An egg-cellent effort

School for the Blind students, Scouts fill 10,000 eggs for annual Camas hunt

Fenix Roark, 14 (left), and Tristan Freckleton, 16, students from the Vancouver-based Washington State School for the Blind, help fill eggs for the city of Camas' annual Easter Day Egg Hunt on March 26. The egg hunt takes place in Crown Park, starting at 1:30 p.m., Sunday, April 1.

Tasha Jackson, 16, a student at the Washington State School for the Blind in Vancouver, fills plastic eggs with candy on March 26 at the Camas Community Center in preparation for the city of Camas' annual Easter Day Egg Hunt, which starts at 1:30 p.m., Sunday, April 1, at Crown Park.

How fast can 35 Boy Scouts, two Cub Scouts and 20 students from the Washington State School for the Blind fill 10,000 plastic eggs with tiny pieces of wrapped candy?

Pretty darn fast, says Krista Bashaw, the city of Camas’ recreation coordinator for special events.

“It usually takes them about an hour and a half,” Bashaw says, surveying the crowd of young people, who have taken their spots at round tables inside the Camas Community Center. Bellies filled with city-provided pizza, the Scouts and School for the Blind students are now raring to go.

“They love the competition,” says Adrienne Fernandez, the School for the Blind’s recreation and volunteer coordinator. “We have ‘repeat offenders’ who sign up for this every year.”

The volunteer egg-filling event, which preps for the city’s annual Easter Day Egg Hunt at Crown Park, has been going on for 27 years, Bashaw says.

The city hosts the event at the Community Center a few days before the annual egg hunt and serves pizza and refreshments to the volunteers from the School for the Blind, a Vancouver-based school for Washington State students in sixth grade through age 21 who have a full range of visual impairments, and the local scouts from Boy Scout Troop 562 and Cub Scout Troop 424.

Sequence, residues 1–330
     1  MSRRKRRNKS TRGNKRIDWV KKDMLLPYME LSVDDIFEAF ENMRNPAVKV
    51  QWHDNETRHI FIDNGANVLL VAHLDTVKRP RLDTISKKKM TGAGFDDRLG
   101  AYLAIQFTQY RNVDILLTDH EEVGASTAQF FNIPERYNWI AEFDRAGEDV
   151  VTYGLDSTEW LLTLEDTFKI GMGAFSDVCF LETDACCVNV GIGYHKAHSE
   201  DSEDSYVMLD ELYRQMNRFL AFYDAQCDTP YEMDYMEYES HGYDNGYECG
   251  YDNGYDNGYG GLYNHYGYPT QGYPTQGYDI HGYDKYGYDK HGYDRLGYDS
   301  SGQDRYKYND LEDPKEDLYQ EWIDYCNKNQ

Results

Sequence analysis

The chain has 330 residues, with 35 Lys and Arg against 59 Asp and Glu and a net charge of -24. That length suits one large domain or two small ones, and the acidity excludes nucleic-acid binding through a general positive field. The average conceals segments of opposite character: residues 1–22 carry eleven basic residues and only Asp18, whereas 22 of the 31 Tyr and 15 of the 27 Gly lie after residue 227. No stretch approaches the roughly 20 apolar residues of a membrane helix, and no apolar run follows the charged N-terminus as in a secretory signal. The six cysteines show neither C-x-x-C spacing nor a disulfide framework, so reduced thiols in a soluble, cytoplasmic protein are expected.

Scoutmaster Jim Adams, 32, leads the Troop 562 scouts and says he remember coming to the annual egg-filling event when he was a Boy Scout. Now, he watches as his own troop gets ready to fill the tiny plastic eggs at warp speed.

“It’s something they look forward to,” Adam says.

Once the filling has begun, there are a few giggles and jokes from the students and scouts, but most are focused on the task at hand — reaching for a piece of wrapped candy, positioning it inside the tiny, colorful egg and then snapping the egg shut with a satisfying “crack” and popping the ready-to-go egg inside a giant bucket positioned in the middle of the table.

By the time this two-hour egg-filling ritual is completed, there will be 10,000 candy-filled eggs ready to be paired with the 3,000 toy-filled eggs city staff has already purchased, for the annual Camas egg hunt.

The city’s free Easter Day Egg Hunt begins at 1:30 p.m., Sunday, at Crown Park, and features about 13,000 candy and prize-filled eggs, hidden in designated, color-coded areas for different age groups, ranging from ages 2 to 3, to ages 10 to 12.

Children should bring a basket or bag to collect their eggs. And all children must be accompanied by an adult. Adults are not allowed inside the egg-hunting areas, except in the ages 2 to 3 zone. The city’s “Traditional Easter Bonnet” and “Contemporary Hat” contests will take place immediately following the egg hunt. Prizes and ribbons will be awarded to participants.

This year’s Easter Day Egg Hunt sponsors and contributors include C-W Grocery Outlet, Columbia Gorge Women’s Association, Soroptimist International of Camas-Washougal, VFW Post 4278 and Winco, which discounted the wrapped candy found inside the eggs. For more information, visit www.cityofcamas.us.